Haven't been writing much lately. I found out that my dad's terminally ill. He told us a month ago. It's amazing how time passes so quickly. Thankfully, I've gotten to see him 6 times so far, and I hope for at least that many more, but I don't know how much longer we'll have left. It's a 3 hour driving day when I go there, and I've got to be able to catch him on a good day that also meshes with my rigid daily routines.
As I knelt before him at his feet, I told him this the other day, the day after he decided he needed to move from his house to the palliative care unit at the hospital:
"Dad, I just wanted to tell you this... I love you so much, and you're my hero, you've always been my hero and you always will be my hero, no matter what happens. I am SO proud of you for handling all of this with such dignity, humor and bravery. You really are an amazing man. I love you."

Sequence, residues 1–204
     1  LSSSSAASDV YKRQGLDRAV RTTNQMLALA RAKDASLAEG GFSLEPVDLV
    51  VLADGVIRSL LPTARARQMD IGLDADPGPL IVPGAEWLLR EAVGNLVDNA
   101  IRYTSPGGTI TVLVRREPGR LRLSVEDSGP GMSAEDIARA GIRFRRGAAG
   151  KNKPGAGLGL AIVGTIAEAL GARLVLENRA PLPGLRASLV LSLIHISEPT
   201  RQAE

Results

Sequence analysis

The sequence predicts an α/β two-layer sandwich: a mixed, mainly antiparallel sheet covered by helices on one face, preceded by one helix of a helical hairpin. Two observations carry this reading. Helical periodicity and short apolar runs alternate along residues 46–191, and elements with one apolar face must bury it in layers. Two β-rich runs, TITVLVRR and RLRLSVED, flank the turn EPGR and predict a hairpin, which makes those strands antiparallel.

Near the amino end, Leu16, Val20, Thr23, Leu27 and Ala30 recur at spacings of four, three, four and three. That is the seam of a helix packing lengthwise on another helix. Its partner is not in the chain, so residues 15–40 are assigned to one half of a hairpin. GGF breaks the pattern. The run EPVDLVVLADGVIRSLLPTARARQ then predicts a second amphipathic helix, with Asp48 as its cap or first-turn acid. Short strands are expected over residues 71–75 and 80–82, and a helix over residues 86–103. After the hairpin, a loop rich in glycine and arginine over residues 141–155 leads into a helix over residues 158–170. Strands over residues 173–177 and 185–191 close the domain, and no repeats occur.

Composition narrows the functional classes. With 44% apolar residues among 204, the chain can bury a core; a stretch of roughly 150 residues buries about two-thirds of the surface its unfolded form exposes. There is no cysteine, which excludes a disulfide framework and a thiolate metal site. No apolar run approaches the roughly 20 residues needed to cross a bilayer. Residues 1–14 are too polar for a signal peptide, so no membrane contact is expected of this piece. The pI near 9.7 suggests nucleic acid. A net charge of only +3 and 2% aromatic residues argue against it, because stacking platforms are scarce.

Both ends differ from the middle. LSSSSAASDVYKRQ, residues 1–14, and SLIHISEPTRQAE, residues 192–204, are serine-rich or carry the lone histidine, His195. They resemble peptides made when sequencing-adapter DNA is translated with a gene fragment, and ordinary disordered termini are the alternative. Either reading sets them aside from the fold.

He said "I love you too," and went on to talk about the difficult but necessary decision to make the move into care.
As we both teared up, I felt a sense of relief having gotten to say that to him. I hope that when my time comes, I'll be able to handle it even half as well as he has been. Bless him for being so very awesome.
But what I've concluded through the many encounters with death that I've had over the years, is that there is no good way to go. Fast or slow, accidental or knowing... it's just as hard whether you as the survivor get to say everything you wanted to or it happened suddenly and you couldn't say anything at all. Watching and waiting is as traumatic as a sudden event. Death is just hard no matter what. So be kind, be patient with those around you going through tragedies, offer support as you can, and while your loved ones are still healthy and full of vitality, let them know the important stuff, and for God's sake... try and laugh. It's easy to forget how to live and laugh, yourself... but it's so important.